In Berlin, the company screened the final version of the film for the first time, a spokesperson for Planeta Inform, which represents the movie, tells THR. "We hope to finalize deals for several key territories, such as Latin America, Germany, France and Great Britain," the rep adds.

The film has already been sold to the U.S., South Korea, Israel and the Baltic States. Planeta Inform is also representing Ledokol (Ice Breaker), a new movie from producer Igor Tolstunov, known for 2012 disaster movie Metro, which was sold to many foreign territories.

Legend of the Golden Dragon is the second feature film in the Kikoriki franchise, better known internationally for its TV series, which aired on The CW in the U.S. under the title GoGoRiki.

"We have received offers from several distribution companies," Dmitry Rudovsky, the film's producer, tells THR. "Estimates are high, in the vicinity of $5 million."

Meanwhile, some live-action movies offered by Russian sellers at EFM this year, including disaster film Ekipazh (Crew) and sci-fi/action pic Mafia: Igra na vyzhivaniye (Mafia: Survival Game), are also seen as having promise.

Centered around the card game Mafia, Mafia: Survival Game has already been sold to some international territories, including France, Germany, China, Japan and South Korea.

Crew is a remake of a 1979 film of the same title, which was one of the Soviet era's most commercially successful movies. It tells the story of pilots who save the passengers of their flight following a disaster in a small town in the mountains.

"The most up-to-date technologies were used in the production, including cutting-edge Imax digital cameras," Vadim Vereshchagin, deputy general director for distribution at the movie's production company, Central Partnership, tells THR. "Prior to Crew, they were only used on Transformers' fourth installment."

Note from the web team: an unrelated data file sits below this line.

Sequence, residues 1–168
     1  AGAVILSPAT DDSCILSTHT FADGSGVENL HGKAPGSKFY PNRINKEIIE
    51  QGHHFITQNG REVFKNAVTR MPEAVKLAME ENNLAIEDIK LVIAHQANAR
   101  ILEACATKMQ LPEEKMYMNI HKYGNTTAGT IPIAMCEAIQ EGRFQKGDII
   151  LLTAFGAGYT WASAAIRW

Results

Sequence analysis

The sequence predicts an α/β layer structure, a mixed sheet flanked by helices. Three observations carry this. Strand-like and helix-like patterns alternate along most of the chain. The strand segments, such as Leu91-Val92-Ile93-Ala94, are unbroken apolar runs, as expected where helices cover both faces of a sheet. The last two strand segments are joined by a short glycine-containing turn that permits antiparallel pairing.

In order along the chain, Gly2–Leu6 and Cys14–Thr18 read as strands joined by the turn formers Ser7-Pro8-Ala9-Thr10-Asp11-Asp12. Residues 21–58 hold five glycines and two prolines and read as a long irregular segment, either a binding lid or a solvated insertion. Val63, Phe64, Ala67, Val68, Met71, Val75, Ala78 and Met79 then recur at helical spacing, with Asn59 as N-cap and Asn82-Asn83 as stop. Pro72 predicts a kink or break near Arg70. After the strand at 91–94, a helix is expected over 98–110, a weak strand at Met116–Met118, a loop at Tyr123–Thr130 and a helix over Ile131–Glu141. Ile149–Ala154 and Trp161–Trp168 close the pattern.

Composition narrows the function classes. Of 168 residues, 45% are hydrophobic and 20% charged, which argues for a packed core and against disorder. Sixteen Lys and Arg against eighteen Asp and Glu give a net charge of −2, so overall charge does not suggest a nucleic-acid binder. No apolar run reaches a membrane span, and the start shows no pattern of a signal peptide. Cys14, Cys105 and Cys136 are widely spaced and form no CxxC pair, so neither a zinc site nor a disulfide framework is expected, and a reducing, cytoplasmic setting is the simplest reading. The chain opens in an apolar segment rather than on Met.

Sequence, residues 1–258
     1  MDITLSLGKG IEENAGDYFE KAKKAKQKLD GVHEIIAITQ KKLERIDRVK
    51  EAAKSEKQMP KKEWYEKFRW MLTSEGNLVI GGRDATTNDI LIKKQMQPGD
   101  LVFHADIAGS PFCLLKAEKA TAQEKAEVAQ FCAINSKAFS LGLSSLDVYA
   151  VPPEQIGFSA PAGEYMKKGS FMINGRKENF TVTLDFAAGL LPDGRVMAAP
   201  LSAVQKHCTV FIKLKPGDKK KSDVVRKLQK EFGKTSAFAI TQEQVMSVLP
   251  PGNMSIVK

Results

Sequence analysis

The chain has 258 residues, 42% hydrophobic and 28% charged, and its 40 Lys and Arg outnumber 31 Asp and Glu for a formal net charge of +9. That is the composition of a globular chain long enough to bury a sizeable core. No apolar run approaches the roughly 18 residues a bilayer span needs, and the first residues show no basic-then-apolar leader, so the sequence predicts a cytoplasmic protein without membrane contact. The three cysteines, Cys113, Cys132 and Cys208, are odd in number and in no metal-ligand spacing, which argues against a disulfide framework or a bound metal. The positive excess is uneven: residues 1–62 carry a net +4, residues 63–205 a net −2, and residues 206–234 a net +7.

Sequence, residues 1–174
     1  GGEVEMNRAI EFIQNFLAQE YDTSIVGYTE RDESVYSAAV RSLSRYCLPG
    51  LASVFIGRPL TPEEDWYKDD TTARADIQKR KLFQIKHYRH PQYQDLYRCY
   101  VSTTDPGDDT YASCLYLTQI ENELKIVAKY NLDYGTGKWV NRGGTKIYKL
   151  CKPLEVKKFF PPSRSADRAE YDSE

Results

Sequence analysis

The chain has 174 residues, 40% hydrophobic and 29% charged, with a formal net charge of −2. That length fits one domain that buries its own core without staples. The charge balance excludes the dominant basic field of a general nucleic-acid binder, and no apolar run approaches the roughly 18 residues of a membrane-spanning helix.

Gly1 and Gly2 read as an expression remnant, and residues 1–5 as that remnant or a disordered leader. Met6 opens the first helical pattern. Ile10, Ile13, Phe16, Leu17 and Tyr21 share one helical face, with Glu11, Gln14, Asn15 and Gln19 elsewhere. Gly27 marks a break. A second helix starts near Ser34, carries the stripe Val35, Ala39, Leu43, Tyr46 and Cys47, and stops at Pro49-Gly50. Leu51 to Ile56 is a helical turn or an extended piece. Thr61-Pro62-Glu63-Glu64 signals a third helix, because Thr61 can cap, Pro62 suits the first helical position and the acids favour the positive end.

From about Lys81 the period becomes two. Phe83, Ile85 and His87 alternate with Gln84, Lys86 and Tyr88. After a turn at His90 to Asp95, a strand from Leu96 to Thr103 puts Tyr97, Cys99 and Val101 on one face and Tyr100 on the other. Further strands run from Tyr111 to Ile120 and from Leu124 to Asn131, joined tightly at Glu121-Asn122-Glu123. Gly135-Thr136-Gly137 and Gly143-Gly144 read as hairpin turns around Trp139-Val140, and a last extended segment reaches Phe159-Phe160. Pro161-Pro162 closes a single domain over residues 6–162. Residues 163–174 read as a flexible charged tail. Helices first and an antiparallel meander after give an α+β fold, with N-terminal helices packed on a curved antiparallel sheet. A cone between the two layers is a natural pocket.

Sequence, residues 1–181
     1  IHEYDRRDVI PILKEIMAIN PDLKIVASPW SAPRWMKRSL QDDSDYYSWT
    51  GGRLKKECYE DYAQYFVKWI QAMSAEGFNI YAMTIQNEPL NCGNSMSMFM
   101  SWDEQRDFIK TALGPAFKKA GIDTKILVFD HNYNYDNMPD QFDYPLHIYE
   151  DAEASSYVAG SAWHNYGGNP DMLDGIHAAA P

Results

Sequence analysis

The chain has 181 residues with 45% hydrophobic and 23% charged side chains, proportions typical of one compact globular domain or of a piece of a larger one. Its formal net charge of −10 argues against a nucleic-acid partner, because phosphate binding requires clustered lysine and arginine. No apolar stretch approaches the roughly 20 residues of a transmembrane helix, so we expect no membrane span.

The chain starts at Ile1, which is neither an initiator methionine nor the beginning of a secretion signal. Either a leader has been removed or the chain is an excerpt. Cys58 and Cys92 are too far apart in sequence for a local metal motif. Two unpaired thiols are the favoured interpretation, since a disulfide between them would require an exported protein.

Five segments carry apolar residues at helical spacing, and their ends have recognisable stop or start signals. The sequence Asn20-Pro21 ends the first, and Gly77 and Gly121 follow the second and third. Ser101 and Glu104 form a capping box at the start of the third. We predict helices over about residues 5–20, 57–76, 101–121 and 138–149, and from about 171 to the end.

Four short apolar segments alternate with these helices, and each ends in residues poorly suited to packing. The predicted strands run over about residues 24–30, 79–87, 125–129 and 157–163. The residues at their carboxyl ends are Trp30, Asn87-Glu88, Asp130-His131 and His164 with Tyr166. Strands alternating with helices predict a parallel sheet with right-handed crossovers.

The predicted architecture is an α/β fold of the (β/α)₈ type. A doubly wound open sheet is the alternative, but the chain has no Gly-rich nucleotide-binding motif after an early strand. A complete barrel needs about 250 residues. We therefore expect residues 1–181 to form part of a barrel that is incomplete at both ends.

According to Vereshchagin, the movie will be available in Imax 3D, 3D, Dolby Atmos and 4DX formats, which are very popular in Latin American and Asian territories.

"Certainly, the most current visual effects are vital for a movie of this genre, and they won't be inferior to U.S. analogs," he adds. "The plotline is universal; it doesn’t have cultural links to a specific territory, which is also a serious competitive advantage."

Still, some say there's a long way to go for Russian producers and filmmakers before they establish a steady international presence.

"Unfortunately, Russia's film industry has not yet reached a level of stable presence in international markets," syas Mtsitouridze. "One or two films could be successful in a specific year, and then there could often be a pause of another year or two."

Russian companies are just beginning to establish a presence in international film markets, so it's hard to know which region is their largest market, but Berlin is very important for the country's companies, sources said.

According to Mtsitouridze, there is potential international interest in Russian cinema, and it is up to producers and filmmakers to come up with projects that could be in demand abroad. Her advice: ”Russian producers need to work more closely with international distributors and sales companies, consulting with them before launching a project rather than when a film is already completed.”